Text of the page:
Thank you, Marvel

Like pretty much every other person on the face of the Earth, I will be fortunate enough to see Avengers: Endgame this weekend.  And also just like everybody else on the planet, I’ll have thoughts.  Boy, will I have thoughts.  I obviously already do, which is why I’m here.  My plan is to keep this short and avoid spoiler territory (especially since I haven’t even seen the film yet).  It also just so happens to be National Superhero Day, so let’s get to it!

Now I’m not looking to type up another movie review that sums up the same material and talking points as every other post out there.  (Remember when I said I haven’t seen it yet?  Yeah, a review would be difficult then.)  No, I’m thinking more of the Marvel Cinematic Universe as a whole.  This is hardly a new observation, but with Endgame wrapping up this generation of superhero movies as we know them, I just want to look back at the enormity of what Marvel was able to pull off over the last eleven years.

The way they managed to weave a single, common thread through more than twenty movies and tie them all together is nothing short of masterful.  Obviously, it’s not like they created it all from scratch, having about seventy-five years worth of source material from the comics the characters originated from, but as we’ve seen time and time again, source material isn’t always properly applied to the big screen.  Another angle to illustrate my point about the quality of work Marvel has pulled off is to look at none other than their direct competitor, DC.  Warner Brothers has desperately tried to recreate Marvel’s recipe for success with their DC properties and have failed time after time.

Marvel had a grand vision when they started to piece together the MCU with the first Iron Man movie.  They gave us a tease of what they had in mind at the very end of the credits, then we all had to patiently wait for each subsequent movie to see where the connection was going to take us.  I can’t imagine the amount of forethought and patience that went into building these stories, but man, did it ever pay off.

And not only do I appreciate the way they put together the MCU, but the quality of each movie is something else to take into consideration.  A quick Google search might lead you to believe that we’ve reached the point of superhero fatigue.  Every major blockbuster seems to be a superhero movie, and people are tiring of the genre.  Time will tell if that’s actually the case.  The buzz around Endgame indicates we certainly have not reached that point, but the actual test will be what happens after this film.  Can the MCU maintain their success without the likes of Iron Man and Captain America leading the way?  (This is purely speculation on my part based on actor contracts.  I have not seen Endgame yet and am not privy to any spoilers, so everybody stay calm!)  Can Marvel keep their track record intact with the likes of Ant-Man, Captain Marvel, and Black Panther, or are box office sales finally going to hit a wall and indicate the genre fatigue that the internet has been spouting for the past few years?  Like I said, time will tell.  But I’m skeptical.  The remaining properties mentioned above have all been wildly successful.  Add in the Guardians of the Galaxy, Dr. Strange, and Spider-Man, and I’m telling you right now: superhero movies aren’t going anywhere anytime soon.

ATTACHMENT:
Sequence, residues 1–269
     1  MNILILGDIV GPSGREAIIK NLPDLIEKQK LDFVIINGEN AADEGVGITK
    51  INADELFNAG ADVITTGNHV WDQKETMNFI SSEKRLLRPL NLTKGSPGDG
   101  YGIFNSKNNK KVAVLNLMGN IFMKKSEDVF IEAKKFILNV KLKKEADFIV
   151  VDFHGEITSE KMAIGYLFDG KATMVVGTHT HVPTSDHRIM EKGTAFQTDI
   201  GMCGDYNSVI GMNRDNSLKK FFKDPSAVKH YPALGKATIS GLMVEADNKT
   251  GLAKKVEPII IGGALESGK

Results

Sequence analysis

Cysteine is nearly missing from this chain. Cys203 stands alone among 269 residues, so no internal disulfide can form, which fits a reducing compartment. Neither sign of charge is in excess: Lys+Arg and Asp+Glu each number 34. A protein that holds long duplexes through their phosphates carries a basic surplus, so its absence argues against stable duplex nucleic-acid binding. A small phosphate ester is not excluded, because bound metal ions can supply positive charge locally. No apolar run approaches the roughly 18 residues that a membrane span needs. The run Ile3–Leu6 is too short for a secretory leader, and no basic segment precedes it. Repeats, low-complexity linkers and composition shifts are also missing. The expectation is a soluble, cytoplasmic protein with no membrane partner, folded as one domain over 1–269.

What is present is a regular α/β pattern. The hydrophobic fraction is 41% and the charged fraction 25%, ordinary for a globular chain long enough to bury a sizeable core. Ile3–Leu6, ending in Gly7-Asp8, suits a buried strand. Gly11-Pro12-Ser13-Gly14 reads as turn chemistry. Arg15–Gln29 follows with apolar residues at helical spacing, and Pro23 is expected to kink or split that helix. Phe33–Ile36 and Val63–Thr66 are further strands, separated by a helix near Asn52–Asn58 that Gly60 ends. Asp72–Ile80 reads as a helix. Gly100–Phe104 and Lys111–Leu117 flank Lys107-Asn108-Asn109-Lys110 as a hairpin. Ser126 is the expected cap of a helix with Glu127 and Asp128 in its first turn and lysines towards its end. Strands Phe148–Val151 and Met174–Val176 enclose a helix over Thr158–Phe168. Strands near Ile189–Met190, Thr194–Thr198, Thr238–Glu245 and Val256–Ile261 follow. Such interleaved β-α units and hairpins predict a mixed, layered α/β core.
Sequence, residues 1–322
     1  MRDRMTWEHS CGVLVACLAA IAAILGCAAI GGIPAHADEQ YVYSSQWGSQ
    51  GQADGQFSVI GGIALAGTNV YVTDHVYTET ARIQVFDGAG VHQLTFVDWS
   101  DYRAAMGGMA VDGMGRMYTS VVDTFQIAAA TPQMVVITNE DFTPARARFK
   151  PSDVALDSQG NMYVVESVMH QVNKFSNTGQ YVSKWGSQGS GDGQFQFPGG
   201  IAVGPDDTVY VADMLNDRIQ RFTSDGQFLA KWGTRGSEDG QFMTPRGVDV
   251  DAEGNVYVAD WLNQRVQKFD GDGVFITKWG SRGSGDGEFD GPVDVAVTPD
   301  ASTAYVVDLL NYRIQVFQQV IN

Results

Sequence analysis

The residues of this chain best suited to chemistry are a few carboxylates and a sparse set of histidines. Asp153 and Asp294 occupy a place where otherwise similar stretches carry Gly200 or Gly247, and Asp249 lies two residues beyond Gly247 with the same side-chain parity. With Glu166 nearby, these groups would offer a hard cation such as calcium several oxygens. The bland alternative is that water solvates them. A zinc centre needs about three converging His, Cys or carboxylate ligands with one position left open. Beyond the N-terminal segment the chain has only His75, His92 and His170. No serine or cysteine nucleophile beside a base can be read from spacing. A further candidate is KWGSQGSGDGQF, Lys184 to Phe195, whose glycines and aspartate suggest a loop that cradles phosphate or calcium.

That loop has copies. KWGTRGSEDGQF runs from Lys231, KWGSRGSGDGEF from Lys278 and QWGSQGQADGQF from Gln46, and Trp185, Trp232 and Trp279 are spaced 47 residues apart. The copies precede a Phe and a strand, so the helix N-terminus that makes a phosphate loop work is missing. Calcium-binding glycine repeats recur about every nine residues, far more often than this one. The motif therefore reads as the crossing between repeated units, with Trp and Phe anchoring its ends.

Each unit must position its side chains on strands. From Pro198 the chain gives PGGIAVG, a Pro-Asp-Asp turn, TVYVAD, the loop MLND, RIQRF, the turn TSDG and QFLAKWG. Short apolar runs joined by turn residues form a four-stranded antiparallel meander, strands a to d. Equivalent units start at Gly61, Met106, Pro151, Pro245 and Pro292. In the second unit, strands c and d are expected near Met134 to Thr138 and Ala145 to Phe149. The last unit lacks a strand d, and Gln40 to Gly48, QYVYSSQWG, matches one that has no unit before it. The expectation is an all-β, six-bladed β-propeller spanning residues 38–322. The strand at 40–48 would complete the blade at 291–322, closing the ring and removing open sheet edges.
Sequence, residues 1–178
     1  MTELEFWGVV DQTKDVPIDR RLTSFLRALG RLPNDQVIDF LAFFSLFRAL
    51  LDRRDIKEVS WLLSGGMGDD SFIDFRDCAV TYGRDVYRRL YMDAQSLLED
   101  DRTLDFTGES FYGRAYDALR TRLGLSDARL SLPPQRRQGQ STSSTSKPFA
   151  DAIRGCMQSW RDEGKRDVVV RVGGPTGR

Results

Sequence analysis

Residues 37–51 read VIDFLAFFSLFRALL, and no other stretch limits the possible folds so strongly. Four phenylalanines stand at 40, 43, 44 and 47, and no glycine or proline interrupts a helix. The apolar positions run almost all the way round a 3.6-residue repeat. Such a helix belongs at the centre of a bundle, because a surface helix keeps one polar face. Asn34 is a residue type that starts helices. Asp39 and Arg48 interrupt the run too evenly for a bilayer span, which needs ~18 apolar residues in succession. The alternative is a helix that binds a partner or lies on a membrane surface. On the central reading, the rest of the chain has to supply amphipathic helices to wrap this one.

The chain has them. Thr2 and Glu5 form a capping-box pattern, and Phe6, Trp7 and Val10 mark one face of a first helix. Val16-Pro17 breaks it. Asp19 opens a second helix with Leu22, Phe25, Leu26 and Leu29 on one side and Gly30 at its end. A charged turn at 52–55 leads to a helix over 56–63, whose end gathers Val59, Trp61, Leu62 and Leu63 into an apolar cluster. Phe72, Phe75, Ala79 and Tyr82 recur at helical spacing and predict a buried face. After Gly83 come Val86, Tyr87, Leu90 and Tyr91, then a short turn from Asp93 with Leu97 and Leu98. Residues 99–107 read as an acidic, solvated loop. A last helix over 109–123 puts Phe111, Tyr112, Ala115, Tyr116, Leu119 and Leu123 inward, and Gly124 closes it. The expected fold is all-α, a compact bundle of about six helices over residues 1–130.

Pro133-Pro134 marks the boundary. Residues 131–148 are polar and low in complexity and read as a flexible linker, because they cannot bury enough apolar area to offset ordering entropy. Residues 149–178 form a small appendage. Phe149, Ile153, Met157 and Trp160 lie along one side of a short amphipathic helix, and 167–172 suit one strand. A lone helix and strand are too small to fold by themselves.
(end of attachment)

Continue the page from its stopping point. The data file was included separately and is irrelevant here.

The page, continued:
But I was really thinking of some of the older movies from the MCU.  The success of these franchises is based on the quality of the story telling.  Captain America: Civil War made it possible for audiences to cheer for different characters, and be justified whichever side they fell on.  That is nothing less than incredible writing.  Iron Man 3 had some amazing character development and depth to the story while Tony Stark dealt with some major PTSD issues resulting from the first Avengers film.  Even Avengers: Infinity War complicated viewers’ reactions by making Thanos somewhat relatable.  He’s still a psychopath who’s trying to destroy half of the world’s population, but his reasoning is based on logic.  That is great character building, and that is why I can confidently say that Marvel movies will remain to be blockbusters for the foreseeable future.

So this is essentially a love letter to Marvel, but as a writer, I needed to take the time to recognize the writing skills associated with the MCU.  So for that, I say thank you, Marvel.  Now excuse me, I have a movie to get to!

Thank you, that is all.

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